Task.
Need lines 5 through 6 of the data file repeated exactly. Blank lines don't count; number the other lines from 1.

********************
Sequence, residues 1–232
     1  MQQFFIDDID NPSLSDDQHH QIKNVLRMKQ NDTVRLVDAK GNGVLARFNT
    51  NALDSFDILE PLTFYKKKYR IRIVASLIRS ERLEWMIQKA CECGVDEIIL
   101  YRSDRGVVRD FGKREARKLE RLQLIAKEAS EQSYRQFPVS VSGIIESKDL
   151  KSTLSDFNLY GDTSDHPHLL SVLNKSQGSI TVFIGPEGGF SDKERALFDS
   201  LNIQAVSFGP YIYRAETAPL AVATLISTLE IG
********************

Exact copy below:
   151  KSTLSDFNLY GDTSDHPHLL SVLNKSQGSI TVFIGPEGGF SDKERALFDS
   201  LNIQAVSFGP YIYRAETAPL AVATLISTLE IG